How To Make A Capital Guarantee

You might be wondering, what is a capital guarantee product? And the simple answer is it’s an investment where you are promised that you will not lose the money you put into a product.
Let’s take the example of property. There are those who believe property will always go up, and there are others who are worried that with all the ups and downs maybe their investment property might be down when they go to sell it and they will lose money.

So property investors might want to know that their property is capital guaranteed for a specific time period, 10 years for example.

The usual way this is currently done is instead of buying property directly, an investor buys into a property trust that is capital guaranteed. The guarantee costs roughly 3 percent of the investment and the investor has no control over the property trust.

Given the perceived complexity of this type of investment, I asked private wealth manger David Darmali, financial planner from Invest Partner how he constructs a capital guarantee and he provided an example of how he might do this for his clients.

“Say for example* they had $1 million. They spend $600,000 on a bank bond that guarantees to pay them $1 million in 10 years time. With the other $400,000, they put down a deposit on a commercial property that has an 8 percent return,” Darmali said.

“The commercial interest rate is currently around 7 percent and the commercial property value grows by 2 to 3 percent per year, in line with rental increases with inflation (as commercial properties are valued according to the rent and rental contracts are usually indexed to CPI),” he said.

“Over 10 years, that would be at least a 10 percent increase in capital gain and assuming the tenant is secure, with a positive cash flow from day one. Their capital is also guaranteed by the bank bond.”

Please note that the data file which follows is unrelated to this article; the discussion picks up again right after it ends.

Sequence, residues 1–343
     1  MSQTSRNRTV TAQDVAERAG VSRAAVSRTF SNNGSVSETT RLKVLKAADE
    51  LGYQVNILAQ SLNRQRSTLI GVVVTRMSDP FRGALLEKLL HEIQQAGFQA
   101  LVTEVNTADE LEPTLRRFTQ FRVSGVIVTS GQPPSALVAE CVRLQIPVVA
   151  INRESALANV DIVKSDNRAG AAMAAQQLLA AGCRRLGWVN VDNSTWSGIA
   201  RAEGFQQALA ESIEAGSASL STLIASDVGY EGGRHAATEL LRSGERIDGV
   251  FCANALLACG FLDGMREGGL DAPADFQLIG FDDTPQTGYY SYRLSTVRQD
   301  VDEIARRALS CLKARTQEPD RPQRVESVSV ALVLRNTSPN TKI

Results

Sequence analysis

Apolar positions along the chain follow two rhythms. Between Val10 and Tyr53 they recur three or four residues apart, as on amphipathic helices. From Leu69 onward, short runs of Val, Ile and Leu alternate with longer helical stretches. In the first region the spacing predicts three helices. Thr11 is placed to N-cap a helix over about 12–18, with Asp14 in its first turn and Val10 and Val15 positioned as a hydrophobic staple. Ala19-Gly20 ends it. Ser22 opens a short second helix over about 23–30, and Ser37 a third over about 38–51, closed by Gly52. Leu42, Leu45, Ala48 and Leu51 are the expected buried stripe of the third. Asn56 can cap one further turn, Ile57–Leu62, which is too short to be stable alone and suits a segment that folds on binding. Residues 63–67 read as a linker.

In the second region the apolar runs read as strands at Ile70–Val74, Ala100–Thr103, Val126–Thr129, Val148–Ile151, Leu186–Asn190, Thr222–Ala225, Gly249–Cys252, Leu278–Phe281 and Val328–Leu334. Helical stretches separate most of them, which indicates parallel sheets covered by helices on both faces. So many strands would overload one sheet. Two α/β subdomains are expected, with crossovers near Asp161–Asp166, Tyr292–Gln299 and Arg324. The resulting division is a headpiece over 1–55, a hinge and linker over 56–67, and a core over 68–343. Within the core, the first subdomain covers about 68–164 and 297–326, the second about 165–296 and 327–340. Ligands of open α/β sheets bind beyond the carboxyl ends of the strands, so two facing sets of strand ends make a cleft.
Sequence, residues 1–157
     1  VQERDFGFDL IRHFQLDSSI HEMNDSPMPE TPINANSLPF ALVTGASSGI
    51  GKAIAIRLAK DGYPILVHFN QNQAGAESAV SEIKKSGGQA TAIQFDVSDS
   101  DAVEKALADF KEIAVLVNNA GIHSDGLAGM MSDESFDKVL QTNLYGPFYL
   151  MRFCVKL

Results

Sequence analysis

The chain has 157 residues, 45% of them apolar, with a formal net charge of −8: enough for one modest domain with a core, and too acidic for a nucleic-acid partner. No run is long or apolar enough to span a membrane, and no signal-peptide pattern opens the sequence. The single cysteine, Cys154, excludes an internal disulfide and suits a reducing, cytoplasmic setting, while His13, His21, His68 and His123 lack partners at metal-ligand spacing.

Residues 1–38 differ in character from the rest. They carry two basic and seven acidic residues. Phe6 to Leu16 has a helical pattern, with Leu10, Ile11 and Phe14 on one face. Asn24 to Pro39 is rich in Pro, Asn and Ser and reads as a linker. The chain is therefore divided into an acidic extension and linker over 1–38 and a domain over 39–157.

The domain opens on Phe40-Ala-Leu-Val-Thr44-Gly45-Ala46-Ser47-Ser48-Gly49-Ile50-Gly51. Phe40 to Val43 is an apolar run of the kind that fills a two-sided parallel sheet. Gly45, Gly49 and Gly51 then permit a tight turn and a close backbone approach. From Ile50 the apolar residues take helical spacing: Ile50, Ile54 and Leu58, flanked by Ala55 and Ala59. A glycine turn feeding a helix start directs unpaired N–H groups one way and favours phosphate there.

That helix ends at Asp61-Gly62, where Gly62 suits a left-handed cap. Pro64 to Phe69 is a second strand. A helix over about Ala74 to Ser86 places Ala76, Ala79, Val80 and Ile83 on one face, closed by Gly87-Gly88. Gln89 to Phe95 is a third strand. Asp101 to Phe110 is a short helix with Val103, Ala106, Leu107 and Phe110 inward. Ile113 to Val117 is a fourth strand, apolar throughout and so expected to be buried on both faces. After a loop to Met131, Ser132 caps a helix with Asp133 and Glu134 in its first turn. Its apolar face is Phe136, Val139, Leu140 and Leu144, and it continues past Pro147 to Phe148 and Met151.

*These figures are for educational purposes only, not current actual figures.

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About Virginia Graham

Virginia Graham manages Model Mortgages, and is a qualified financial planner. She is regularly consulted by the Austereo MMM radio network on interest rates and has appeared on Channel Seven news and current affairs programs as well as more recently the Ch 9 Today show. Virginia previously worked for ANZ Bank’s Treasury department as an interest rate dealer and for stockbroking firm Salomon Smith Barney. She has a bachelor of commerce majoring in finance, banking and business economics. Earlier in her career, Virginia was a fashion model in New York, and has appeared on the cover of several fashion magazines, including Australian Vogue. She wrote a book Flirting With finance and is a regular contributor to Woman’s weekly online and hosted a series of finance videos for the Sydney Morning Herald and the Age.

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One comment

  1. Britanica
    December 16, 2016 at 1:20 pm

    I never really thought much on this but it makes sense. The market for housing always goes up and down so you would want to buy when it is down and sell when it is up, right? I have a family friend who rents and sells properties. He easily owns a few million worth in building and homes in one small area. He actually bought a lot of these properties when the values for them were low and now that they are picking back up again, he is able to charge more for rent and sell the homes for almost double what he would have just 3 years ago.

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